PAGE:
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Department Links with Lancaster Castle

view of Lancaster Castle

The Department's Collaboration with Lancaster Castle began in 2012 as part of the British Shakespeare Association conference ‘Shakespeare Inside Out: Depth / Surface / Meaning' and the 2012 commemoration of the 1612 Lancashire Witch Trial.

In 2013-14 undergraduates and postgraduates in the Department have the opportunity to experience some site specific study of sixteenth and seventeenth century literature with seminars and workshops in the Castle. 

On November 19-21 Lady Jane Lumley's 1550 translation of Euirpides Iphigenia at Aulis was performed in the Castle. Further workshops for schools and for the public will be offered as part of the Lancaster Season of Shakespeare from 28 February-28th March


BA and MA seminars at Lancaster Castle


‘Imprisonment and Liberty in Measure for Measure’ Tuesday 21st January 2-3 and 3-4 p.m.

‘Be absolute for death’ (3.1.5) declares the Duke to Claudio, who is imprisoned and awaiting execution. Explore the resonance of these lines in Lancaster Castle, a space where people were held and hung at the monarch’s pleasure in the sixteenth and seventeenth centuries and beyond. The workshop will take place in the former prison settings which are haunted by the presence of those who previously occupied them. No acting experience necessary but not for the faint-hearted!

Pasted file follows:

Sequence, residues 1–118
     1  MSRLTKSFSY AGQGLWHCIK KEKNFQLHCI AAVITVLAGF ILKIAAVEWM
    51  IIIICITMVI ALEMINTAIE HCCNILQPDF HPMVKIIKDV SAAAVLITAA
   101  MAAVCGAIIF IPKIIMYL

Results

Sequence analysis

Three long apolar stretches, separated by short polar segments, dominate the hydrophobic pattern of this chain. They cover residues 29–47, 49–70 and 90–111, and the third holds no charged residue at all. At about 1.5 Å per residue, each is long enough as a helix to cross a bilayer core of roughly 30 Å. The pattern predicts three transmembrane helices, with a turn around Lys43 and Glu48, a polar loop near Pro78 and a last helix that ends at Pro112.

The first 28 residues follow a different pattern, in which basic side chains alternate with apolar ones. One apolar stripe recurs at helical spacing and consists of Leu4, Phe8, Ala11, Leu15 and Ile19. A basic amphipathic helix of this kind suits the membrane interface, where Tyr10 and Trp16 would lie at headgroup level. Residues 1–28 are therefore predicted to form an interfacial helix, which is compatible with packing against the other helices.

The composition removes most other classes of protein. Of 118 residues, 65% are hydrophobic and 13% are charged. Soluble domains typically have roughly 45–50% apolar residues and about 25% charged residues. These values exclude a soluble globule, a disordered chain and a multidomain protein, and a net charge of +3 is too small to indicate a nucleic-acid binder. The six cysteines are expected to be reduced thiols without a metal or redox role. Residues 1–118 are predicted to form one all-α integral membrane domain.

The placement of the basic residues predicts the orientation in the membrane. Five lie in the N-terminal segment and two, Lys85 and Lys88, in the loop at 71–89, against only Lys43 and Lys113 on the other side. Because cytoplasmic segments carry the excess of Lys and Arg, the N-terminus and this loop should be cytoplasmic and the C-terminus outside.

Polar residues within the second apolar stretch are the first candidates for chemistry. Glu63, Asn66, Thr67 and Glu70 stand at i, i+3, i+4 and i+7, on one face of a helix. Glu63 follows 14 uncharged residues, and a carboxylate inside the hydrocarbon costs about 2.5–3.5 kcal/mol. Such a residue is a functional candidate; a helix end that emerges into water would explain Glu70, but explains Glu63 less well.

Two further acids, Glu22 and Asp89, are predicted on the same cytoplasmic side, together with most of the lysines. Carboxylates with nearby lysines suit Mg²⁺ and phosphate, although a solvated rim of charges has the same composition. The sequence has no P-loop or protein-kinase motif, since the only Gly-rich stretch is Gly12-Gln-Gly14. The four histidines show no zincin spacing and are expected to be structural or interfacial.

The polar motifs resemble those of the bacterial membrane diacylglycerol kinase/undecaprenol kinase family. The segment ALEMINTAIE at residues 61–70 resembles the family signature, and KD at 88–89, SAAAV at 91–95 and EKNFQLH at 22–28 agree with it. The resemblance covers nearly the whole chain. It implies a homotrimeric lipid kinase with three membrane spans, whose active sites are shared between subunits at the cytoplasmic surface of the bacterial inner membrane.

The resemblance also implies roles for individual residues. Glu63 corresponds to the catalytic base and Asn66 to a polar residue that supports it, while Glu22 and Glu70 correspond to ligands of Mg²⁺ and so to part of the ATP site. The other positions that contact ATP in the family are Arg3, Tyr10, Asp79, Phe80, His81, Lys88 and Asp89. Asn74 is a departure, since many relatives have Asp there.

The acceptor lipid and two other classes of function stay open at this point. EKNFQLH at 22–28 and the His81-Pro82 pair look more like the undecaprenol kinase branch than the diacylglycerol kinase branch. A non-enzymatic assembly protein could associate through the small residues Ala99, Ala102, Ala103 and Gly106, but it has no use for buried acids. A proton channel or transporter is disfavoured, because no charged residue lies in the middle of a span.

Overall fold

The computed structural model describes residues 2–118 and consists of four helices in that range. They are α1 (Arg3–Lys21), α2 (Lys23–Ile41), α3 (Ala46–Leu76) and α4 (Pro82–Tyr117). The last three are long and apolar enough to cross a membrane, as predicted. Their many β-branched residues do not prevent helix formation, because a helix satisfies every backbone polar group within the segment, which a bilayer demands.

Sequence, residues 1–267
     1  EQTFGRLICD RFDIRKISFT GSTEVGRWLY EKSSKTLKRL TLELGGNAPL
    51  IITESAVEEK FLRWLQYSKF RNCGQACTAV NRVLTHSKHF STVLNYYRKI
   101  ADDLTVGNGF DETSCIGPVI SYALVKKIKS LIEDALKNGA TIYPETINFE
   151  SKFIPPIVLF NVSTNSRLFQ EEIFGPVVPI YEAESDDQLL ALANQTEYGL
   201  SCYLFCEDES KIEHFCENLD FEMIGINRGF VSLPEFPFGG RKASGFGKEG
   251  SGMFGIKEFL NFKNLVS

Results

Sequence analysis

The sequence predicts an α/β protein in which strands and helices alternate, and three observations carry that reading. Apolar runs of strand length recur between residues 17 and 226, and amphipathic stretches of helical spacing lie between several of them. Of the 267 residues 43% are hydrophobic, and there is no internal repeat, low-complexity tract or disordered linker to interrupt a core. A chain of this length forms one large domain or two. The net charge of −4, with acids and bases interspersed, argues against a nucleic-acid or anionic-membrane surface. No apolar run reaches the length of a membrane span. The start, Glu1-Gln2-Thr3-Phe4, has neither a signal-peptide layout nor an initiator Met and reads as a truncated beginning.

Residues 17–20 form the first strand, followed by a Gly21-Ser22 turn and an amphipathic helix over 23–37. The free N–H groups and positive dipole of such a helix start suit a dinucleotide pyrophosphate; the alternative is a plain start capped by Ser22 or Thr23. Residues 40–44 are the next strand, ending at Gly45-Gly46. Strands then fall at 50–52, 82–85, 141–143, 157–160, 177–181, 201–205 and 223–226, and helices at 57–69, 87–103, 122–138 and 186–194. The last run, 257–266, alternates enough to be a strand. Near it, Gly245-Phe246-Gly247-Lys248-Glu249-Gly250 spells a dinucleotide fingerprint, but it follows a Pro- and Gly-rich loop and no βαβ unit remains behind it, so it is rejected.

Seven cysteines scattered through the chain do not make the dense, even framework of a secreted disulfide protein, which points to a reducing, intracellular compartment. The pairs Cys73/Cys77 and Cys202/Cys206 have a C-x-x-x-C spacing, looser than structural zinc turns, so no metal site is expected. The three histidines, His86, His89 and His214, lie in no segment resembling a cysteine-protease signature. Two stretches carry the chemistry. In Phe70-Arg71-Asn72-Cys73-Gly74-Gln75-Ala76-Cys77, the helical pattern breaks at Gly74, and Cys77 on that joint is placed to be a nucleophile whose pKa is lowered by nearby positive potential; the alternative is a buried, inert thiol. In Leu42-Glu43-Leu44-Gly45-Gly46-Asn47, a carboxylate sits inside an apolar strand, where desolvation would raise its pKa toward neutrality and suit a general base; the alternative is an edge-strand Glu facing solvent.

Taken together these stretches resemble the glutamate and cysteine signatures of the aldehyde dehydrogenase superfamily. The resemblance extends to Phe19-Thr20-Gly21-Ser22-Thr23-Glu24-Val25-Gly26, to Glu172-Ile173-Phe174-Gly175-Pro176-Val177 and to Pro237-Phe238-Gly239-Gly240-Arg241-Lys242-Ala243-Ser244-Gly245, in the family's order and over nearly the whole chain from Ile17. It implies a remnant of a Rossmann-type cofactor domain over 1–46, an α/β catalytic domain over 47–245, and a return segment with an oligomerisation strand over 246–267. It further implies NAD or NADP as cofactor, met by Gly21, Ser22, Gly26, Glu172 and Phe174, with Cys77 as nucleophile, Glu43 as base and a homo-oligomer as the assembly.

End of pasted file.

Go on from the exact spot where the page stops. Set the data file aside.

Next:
Shakespeare Workshop: Macbeth and Witchcraft
Tuesday 25th 2-4 p.m

(In the witches’ dungeon at Lancaster Castle)

These seminars will consider the idea of the witches apparently offering power and freedom of action to Macbeth but his crimes of regicide and murder ultimately trapping him to be ‘cabin’d, cribb’d confin’d, bound in / To saucy doubts and fears’ just as the historical men and women who were accused of witchcraft at the assizes in Lancaster Castle and held in the witches dungeon were trapped.

MA Workshop: Capturing Witches Monday 10th February 10-12 am
Dungeons, Lancaster Castle

This seminar will investigate the documents and the sites that were used to ‘capture’ so-called witches in Lancashire in the 1612 and 1634 trials and in the literary reworkings of those trials, notably in Thomas Potts’s Discovery of Witches in Lancashire (1613)and Heywood and Brome’s comedy The Late Lancashire Witches (1634). The seminar will begin in one of the upper dungeons in Lancaster Castle, and will include a descent to the witches’ dungeon where the 1612 victims were held, interrogated and tortured.


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Distinguished Professor
Terry Eagleton

Terry Eagleton

Terry Eagleton, the internationally celebrated literary scholar and cultural theorist gives public and undergraduate lectures, open MA seminars, and specialist PhD tutorials. View events»

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